Oct 23, 2020: Butterfly Effect

It was one of those rare things today.

A day where we both slept in. When I say slept in, I mean until the dizzying heights of 9am, as opposed to Carole waking up at 5.50 in the morning and being annoyingly perky, and me waking up a couple of hours later when my sleeping form can take no more of the massive amounts of noise she makes in the morning times.

I don’t know what she’s doing in the morning hours. It may as well be one man band practice.

But whatever it is, she’s up and I normally wake a bit later and then stay in bed or leap from the bed and get on with some, usually kitchen related, task or other.

Today, I wanted to be up at about 8-ish to get some breads on the go.

I didn’t set an alarm. Carole had the day off, and she wasn’t setting an alarm. But that is not really a problem, as she has the ability to wake up stupid early that a milkman or morning TV presenter would welcome with gay abandon.

Except this morning.

No, the lazy bugger doesn’t wake up.

Everything’s thrown out by an hour. My plans for bread domination (the ambitions two-doughs-hoping-I-can-make-the-bread-before-a-shift-comes-in-for-work) was in danger. Not much danger, though, as Covid has done a number on bookings for work at the moment, but still some danger.

Everything was later.

And, somehow, as the morning went on and turned to afternoon, everything got later still.

It was weird.

I don’t know what happened. But it’s not normally stuff that happens when I’m at home on my own. Somehow, Carole being home for a study day, and beavering away on her OU essay for the whole day, threw everything out – from getting up, through bread-making and into a shift which did actually turn up at work (but then changed times and to which the customers were then really late).

Who knew that Carole held such power?

Or that her not getting up and making noise before 7am, could cause such repercussions. It’s the butterfly effect, in action. All in the form of one stressed little History student writing an essay about music (the bit of the course she hates) and hating every minute of it.

Oct 22, 2020: Bringing PC Back

After last night’s high falootin’ jigsaw shenanigans, it’s been back to the grind today. Carole’s done a load of studying, her essay is coming on a treat and I’ve done some washing and made a plum and gingerbread something or other which was both lovely and a good way to find out that Carole doesn’t like plums.

I mean, I don’t like plums. The idea of a plum upsets me. But if you can hide that aforementioned plum in a gingerbready cake mixture I’m all for it.

I wasn’t going to make it. It was supposed to be a baking project for Caz, but she was in a meeting this afternoon and sent a series of texts about really wanting a biscuit, so I thought it would be for the best if I did it.

In other news, the old PC – the one that died in May – is back. And alive.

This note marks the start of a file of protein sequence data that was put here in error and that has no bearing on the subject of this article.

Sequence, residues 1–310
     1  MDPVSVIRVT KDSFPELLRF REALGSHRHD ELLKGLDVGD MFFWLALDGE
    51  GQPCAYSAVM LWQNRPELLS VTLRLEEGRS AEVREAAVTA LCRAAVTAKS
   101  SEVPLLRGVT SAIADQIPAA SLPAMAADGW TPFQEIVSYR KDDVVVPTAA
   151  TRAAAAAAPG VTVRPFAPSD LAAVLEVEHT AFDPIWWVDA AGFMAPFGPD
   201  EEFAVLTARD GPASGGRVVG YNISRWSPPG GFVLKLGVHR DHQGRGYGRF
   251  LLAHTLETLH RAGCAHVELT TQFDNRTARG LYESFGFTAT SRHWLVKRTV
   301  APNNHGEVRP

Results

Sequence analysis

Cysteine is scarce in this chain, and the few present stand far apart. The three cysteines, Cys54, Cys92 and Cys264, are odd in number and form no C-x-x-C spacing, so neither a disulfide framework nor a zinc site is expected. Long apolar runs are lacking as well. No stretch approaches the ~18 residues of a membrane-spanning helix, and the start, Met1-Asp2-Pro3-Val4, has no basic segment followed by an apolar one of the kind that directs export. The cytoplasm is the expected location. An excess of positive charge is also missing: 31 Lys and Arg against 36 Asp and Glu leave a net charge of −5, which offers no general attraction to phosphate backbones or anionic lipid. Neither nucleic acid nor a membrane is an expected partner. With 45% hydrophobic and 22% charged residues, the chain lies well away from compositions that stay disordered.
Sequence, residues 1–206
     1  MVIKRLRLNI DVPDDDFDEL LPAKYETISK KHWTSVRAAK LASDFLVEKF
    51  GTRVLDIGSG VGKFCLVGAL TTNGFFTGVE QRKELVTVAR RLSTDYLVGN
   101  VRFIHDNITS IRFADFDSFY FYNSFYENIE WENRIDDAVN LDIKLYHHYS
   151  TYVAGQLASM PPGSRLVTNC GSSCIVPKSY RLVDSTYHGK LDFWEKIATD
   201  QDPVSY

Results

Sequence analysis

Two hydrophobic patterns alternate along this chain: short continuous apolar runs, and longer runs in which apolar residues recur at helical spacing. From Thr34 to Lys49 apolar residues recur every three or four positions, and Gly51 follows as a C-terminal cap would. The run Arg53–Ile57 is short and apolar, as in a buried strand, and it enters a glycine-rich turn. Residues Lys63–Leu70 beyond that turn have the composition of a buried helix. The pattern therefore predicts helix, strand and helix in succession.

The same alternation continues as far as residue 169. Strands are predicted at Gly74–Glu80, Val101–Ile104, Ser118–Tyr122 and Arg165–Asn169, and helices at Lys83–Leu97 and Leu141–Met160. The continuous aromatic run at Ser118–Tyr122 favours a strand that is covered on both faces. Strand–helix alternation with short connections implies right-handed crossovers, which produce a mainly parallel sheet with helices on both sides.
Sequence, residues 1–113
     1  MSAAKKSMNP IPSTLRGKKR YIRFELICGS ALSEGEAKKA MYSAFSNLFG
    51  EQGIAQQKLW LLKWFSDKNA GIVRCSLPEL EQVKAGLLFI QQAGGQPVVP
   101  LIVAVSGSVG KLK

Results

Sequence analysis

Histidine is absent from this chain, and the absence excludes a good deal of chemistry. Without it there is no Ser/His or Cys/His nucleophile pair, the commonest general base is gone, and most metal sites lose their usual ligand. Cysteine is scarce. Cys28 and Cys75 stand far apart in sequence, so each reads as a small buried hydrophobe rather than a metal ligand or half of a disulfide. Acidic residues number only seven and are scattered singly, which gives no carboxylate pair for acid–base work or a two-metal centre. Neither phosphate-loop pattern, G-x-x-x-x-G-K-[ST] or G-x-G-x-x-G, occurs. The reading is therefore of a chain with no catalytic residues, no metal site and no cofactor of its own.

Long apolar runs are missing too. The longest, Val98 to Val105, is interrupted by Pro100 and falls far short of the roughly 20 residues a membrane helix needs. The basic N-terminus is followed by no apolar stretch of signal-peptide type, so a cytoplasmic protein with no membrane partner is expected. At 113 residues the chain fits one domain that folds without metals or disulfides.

It’s great to have it back, but the whole experience with Curry’s has been an absolute shit show from start to finish. We took it in, they hung on to it for a month without really doing anything about it. Then they decided to do something about it, but only after Carole chased them up and got managers involved and things. But then they got arsey about the sixty pounds we have to pay to even send the thing away – you know, that they maybe should have taken off us at the start of the whole thing but also which they told us we wouldn’t have to bother with because of reasons.

As it happens, we’ve got that back, because it was a manufacturer’s fault with the main board (which I’d worked out anyway). And we’d kicked up so much stink about it that they did an out of warranty repair for nothing, and so it’s back. And Carole now gets a nice PC to do her studying on as well as her laptop for the more portable elements of it all.

And, most importantly, the PC is free from any connection to work – so she can just use that and not be led astray by people who don’t respect her study mornings and the like.

Or she will get a nice PC to do all her studying on once I’ve dealt with the past five months or so of various upgrades and virus scans that need to be done on the damn thing first. And that’s despite the machine’s efforts to just gather new stuff rather than update the old – the first thing it did when we turned it on and logged in was discover Carole’s new printer and connect itself, without us asking it to. Priorities, machine, priorities.

Maybe that’s how we defeat the robots when they rise… slow them down with printer connections that they just can’t help making.

Oct 21, 2020: Puzzlement

Carole’s been having a hellish time at work recently. Her most commonly uttered phrase, at the moment, is “It’ll be quieter next week.” So far it has not been quieter.

That, coupled with her OU studies and the impending deadline for her first essay assignment on something to do with protests in print and music pre-Morrisey and/or Jim Corr blathering about something have left her a frazzled little soul.

So tonight she logged off her work, put away her study stuff and just had a night where she could do whatever she wanted.